An interesting question was raised by the audience for Rohan Dewan, “Whatever is happening in the hyperlocal, do you make it with you or through you?” In a B2B model, we do not attract consumers, we deliver brand experience; we impart soft skills to riders, and win more customers because the customer is king. Logistics needs to develop into an ecosystem to cope up with the challenges of different owners.
On a question of the run per km cost, Prasoon Gupta explained that for clients selling high-end products the cost of delivery is same. For example, if a company delivers a product whose cost price is Rs. 100, they will incur a specific cost of delivery. Sattviko’s objective is to lower the cost of delivery in order to optimize the services.
If the rider is multi-talented, you will incur low cost of delivery. Our crew members handle the inventory and delivery part as well. Hence, no extra cost is incurred on the delivery boy separately — Prasoon Gupta, Cofounder, Sattviko
Prasoon adds that any good business requires the support of a good team of skilled professionals. In order to hire people for the top-level management you have to connect with them on an emotional level. For the low-level management, hire people who are willing to experiment with your idea.
There are startups in the space that have taken care of unit economics. Arpit Agarwal, Principal at Blume Ventures mentioned that one of its portfolio company is successful in earning an operational profit.
Scope of Logistics
Chinmay Agarwal claims if an entrepreneur is operating a transportation system, then hyperlocal gives your company a strong base to achieve growth. The cost per km is higher on the supply side but it will reap results in the long-term. Hence, being a part-timer is not recommended as it will be a tough challenge in India. He also believes that Ola Cabs is a monopoly in which customers have to pay money.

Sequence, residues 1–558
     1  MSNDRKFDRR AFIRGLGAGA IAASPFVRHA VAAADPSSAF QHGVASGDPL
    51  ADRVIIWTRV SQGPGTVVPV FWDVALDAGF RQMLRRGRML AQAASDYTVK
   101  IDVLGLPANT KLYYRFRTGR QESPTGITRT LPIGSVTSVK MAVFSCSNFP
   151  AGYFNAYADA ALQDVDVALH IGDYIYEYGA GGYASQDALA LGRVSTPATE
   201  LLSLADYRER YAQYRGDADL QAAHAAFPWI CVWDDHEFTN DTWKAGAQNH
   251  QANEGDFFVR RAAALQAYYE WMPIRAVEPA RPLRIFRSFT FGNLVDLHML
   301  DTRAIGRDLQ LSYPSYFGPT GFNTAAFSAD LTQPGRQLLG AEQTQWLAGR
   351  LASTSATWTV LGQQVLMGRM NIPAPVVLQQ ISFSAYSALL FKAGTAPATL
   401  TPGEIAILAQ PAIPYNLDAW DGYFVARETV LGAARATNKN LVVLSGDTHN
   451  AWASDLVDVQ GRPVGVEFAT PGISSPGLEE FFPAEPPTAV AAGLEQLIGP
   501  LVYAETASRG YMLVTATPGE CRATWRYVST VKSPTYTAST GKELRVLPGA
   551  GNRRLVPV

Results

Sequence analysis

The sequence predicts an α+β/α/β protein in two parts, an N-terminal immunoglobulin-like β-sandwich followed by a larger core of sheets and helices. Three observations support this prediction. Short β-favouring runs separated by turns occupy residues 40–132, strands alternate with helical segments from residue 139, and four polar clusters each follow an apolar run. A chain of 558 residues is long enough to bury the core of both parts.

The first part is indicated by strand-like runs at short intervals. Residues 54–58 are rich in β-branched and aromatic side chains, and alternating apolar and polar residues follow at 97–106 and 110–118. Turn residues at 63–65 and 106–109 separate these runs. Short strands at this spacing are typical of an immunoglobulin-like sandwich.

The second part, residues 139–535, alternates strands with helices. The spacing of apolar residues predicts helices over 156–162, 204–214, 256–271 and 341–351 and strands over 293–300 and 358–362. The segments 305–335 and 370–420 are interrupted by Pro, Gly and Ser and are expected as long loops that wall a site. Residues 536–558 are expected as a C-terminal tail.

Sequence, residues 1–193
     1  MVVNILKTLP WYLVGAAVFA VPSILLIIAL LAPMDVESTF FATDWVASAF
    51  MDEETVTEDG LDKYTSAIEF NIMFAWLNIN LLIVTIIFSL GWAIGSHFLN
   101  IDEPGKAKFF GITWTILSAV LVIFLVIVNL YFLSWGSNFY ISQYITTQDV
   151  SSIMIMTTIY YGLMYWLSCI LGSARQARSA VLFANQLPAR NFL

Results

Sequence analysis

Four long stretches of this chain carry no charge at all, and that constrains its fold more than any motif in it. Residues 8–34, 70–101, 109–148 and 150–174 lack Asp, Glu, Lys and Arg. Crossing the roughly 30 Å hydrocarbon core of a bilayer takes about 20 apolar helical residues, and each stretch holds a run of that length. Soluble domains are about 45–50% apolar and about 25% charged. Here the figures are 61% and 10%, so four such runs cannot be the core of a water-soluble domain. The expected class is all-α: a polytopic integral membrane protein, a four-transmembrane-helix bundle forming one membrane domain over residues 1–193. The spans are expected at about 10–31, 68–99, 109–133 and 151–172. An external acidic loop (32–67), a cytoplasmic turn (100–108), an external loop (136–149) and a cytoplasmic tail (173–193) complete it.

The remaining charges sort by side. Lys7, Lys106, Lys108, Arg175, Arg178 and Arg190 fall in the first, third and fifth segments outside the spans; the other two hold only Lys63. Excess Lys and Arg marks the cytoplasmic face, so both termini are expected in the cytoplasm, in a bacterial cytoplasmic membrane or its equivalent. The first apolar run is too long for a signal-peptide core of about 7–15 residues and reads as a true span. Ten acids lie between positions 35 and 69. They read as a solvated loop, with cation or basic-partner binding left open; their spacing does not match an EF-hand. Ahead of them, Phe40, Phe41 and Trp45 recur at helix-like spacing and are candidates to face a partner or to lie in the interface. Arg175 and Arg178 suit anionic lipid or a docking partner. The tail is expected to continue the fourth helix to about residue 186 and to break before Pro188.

According to current public sentiments, the moderator Shekhar Chandra questioned the panel, “Are hyperlocal the means of burning or blowing money?” Arpit believes, “you cannot blow money.” Even when there is an economic crisis, people continue investing money due to market sentiments. But, when a company tanks, the entrepreneur has to answer tough questions.
Arpit further added that it is a misnomer that a failed business creates negative sentiments in the market. It is not easy to define the maturity stage of a business. Investors and founders must engage in a healthy dialogue to achieve growth.
Good investors are the friends of the entrepreneur — Arpit Agarwal, Principal, Blume Ventures
All the panellists emphasized on the importance of pivoting for a start-up. Pivoting does not imply desperation but the growth which may have been ignored otherwise. Businesses may explore beyond their initial goals by re-imagining their assets and talents, thinking more broadly about the customer problems, and accessing growth capital to seize the new high ground.
At the end, Arpit Agarwal had an interesting take on people curious about the viability of hyperlocal startups, “Consider working for a hyperlocal startup!”
It’s easy to comment from outside when things aren’t going the way it is meant to be and often only people who are directly involved in it know the answers to these questions. Instead of heeding to the noise, the founders are working hard to let the success answer all these questions than trying to get heard.
To conclude, it is tough to predict the right model for the sector at this stage. Neither founders nor venture capitalists have the answers than focusing on unit economics. However, such consolidations are critical in order to stay in the race with fundamentals in place. While a number of such startups have recently run into trouble, the sector is far from imploding. Zomato is still taking corrective measures to stay in the race. When we get to that phase, we’ll happily host panel discussions on those too! Hopefully, our panel will continue to be there.